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Partisan message expected during state of the union address

Ahead of President Joe Biden’s State of the Union address, many observers say they expect a hyper-partisan message.

On a call with reporters Monday,  Republican National Committee Chairwoman Ronna McDaniel and former Speaker of the House Newt Gingrich painted a bleak picture of the president’s first year in office.

McDaniel pointed to 40-year high inflation, the crisis at the U.S. southern border, “weak” foreign policy, increased crime, and the Biden administration’s “failed” messaging during the Covid virus outbreak. She said she expects Biden to do his best to avoid these topics during his Tuesday night address.

“Unfortunately, we won’t hear about the things that the American people care about tomorrow night,” McDaniel said. “[Biden] will put on a show. He will say what he wants the American people to believe he’s doing, but we all are seeing it with our own eyes; we’re feeling it with our own pocketbooks.

“We’ve never had a more uncertain time. The state of our union is not strong, and Joe Biden will not have the dignity to address the American people on the true failures of his administration.”

The Biden administration, on the other hand, has touted job market recovery in its first year following a year of state-imposed lockdown measures, it’s signing into law of a $1.2 trillion bipartisan infrastructure bill, and its effort to distribute vaccines for COVID-19 as big achievements for America under Biden’s leadership.

White House press secretary Jen Psaki told reporters on Monday that Biden will address inflation in his first State of the Union address. She says he will use the speech to promote elements of his “Build Back Better” agenda—which remains stalled in the Senate after failing to secure enough votes—as a means of lowering costs.

“A lot of what you’re going to hear about tomorrow as he talks about [inflation] is how he’s going to reduce costs,” Psaki said. “Parts of his [Build Back Better] agenda that he has talked about a lot over the course of the last several months—lowering cost for childcare, lowering costs for elder care, lowering costs for prescription drugs—those are not done yet. So, he will reiterate his call for Congress to move forward on those.”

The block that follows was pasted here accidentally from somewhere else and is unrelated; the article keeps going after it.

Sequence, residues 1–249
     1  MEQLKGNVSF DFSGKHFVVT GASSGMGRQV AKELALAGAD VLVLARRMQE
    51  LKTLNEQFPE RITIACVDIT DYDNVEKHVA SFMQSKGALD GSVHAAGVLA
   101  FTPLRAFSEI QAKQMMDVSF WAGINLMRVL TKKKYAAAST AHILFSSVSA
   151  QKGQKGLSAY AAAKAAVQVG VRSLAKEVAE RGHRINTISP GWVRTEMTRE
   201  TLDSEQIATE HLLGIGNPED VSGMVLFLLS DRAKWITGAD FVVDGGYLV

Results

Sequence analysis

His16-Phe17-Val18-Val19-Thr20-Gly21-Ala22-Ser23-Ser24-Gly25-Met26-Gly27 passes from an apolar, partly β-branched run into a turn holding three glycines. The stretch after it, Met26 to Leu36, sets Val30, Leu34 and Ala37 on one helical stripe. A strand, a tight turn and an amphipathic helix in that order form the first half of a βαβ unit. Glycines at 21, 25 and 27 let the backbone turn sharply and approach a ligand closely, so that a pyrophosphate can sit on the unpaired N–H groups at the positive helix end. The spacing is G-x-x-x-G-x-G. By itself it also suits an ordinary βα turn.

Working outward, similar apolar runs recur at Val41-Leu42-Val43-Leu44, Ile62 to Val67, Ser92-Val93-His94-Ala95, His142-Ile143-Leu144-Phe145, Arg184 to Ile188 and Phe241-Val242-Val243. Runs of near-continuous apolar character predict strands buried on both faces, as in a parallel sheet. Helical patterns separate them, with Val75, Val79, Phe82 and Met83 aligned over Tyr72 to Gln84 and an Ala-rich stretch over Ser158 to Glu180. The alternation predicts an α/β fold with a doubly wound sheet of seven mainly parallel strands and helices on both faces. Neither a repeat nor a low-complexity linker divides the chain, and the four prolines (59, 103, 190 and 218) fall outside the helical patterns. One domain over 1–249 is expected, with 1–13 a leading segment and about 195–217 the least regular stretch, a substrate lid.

Biden’s speech will come days after Russia launched its bloody invasion of Ukraine, Europe’s largest democracy. That was followed by the announcement of what most saw as weak U.S. sanctions against Russia. Psaki says these recent events have altered the speech.

“Every State of the Union speech also reflects a moment of time,” she said. “And so the President will lay out the efforts we are taking, he has taken, he has lead on to rally the world to stand up for democracy and against Russian aggression. He will talk about the steps we’ve taken to not only support the Ukrainian people with military and economic assistance, but also the steps he’s taken to build a global coalition imposing crippling financial sanctions on President Putin, his inner circle, and the Russian economy.”

Republicans, however, have been critical of Biden’s response to the events in Ukraine—both his strategic response to Russian aggression as well as his unwillingness to increase oil production to mitigate the economic impact felt by Americans.

“I think it’s legitimate to ask why we were flatfooted in Afghanistan, we were flatfooted in Ukraine, and I think that we have to worry about being caught flatfooted in Taiwan,” Gingrich said during Monday’s call.

Both Gingrich and McDaniel are predicting Republican victories in November, with McDaniel pointing to a close to $3 million fundraising advantage to Democrats and Gingrich saying he expects to see the largest Republican majority since 1920.

Biden’s speech on Tuesday will be followed by the Republican response from Iowa Gov. Kim Reynolds. Progressive caucus member Rep. Rashida Tlaib (D-Mich.) will also deliver a response for the left-wing Working Families Party.

–Wire services